The Last Response tab is a great record of those Advanced step answers. Double-click and see the work order that generated them.
"Where Used" is the assignment of this checklist to the asset(s). Options include the Work Order Type and the box to Always Add this checklist when working on the equipment.
The next two tabs show Open and Completed Work Orders with this checklist. Double-click individual work orders to review.
The Sites and Revision tabs are self-explanatory.
There is an approval button at the bottom for checklist authorization.
When you save the record, a Copy button will appear next to the Checklist Style allowing you to copy the checklist and modify it.
Print Checklist Form – This is a good report to have for supervisors to get an overview of the checklists. They're also another way for workers to complete checklists. This form will be printed with any work orders using checklists. Technicians follow the list and tick off each item on the printed form with dates and initials.
One checklist option is located in: Assets>Quick Checklists. You can call up checklists for Equipment and Locations. Follow the five steps listed and when you save, the system generates work orders from the checklist(s) chosen. For more details, click the video button for a tutorial.
Admin>Asset Administration Menu>Safety Menu
For this discussion, I'll focus on only two items.
Safety Procedures – While this may seem like a redundant checklist, think of it as a small but important set of procedures and then leave the regular checklists for the actual step-by-step work. Gloves, goggles, turn off/unplug the machine, and other requirements the worker pays attention to before the repair or other maintenance. Clear any obstructions. Pour only in a well-ventilated area. There are numerous examples of procedures that could be on this list.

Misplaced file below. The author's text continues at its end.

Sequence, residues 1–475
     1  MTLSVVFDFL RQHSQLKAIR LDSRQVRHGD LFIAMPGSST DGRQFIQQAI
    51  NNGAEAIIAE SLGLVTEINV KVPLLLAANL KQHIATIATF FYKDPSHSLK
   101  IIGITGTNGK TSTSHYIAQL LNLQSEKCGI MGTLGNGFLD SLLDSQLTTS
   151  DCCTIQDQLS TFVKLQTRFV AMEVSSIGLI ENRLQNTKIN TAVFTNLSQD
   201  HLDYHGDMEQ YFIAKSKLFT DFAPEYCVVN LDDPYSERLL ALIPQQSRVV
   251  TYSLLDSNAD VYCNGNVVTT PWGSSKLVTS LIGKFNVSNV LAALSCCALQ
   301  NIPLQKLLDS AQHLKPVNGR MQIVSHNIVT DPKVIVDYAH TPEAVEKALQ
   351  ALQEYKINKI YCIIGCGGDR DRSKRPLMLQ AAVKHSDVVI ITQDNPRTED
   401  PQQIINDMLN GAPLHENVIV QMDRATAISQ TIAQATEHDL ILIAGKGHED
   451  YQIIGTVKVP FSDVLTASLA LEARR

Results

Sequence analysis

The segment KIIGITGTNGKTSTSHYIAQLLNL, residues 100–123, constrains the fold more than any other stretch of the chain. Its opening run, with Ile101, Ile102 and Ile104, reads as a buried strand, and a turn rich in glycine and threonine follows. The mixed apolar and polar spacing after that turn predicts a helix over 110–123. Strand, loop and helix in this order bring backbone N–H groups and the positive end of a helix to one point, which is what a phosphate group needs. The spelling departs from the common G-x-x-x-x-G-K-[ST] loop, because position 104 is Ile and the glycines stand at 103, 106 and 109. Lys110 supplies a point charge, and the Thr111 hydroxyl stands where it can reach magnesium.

A common use is for copying/pasting the manufacturer's recommended procedures from another document.
To create the procedure, give it a name and provide as many details as needed. You can assign the procedure to equipment, location, cost center, or route and attach it to a work order, or a PM, just like a checklist.
MAPCON also has an auto-add feature to always add when creating work orders for assets that require safety procedures.
Be sure to note the procedural approval section and check out the revision history to stay up-to-date on any changes.
Safety Form – Similar to the checklist form, safety procedures can be printed. This might be beneficial to post on a bulletin board, entrance door, or wall near the equipment being repaired. They also print with the work order.
Safety is no laughing matter. A little precaution and a double-check that protocols were followed after the fact can save costs beyond equipment and downtime. MAPCON offers checklists and safety procedures to attach to work orders.
With checklists and safety procedures, you can assign them to a piece of equipment, a location, a cost center, or a route with optional data fields for more description. You can see those various options under the Where Used tab.
Both checklists and safety procedures benefit companies because they allow you to input important information about your maintenance operations for technicians to follow.
If you have questions, a safe bet is to call MAPCON support. 800-223-4790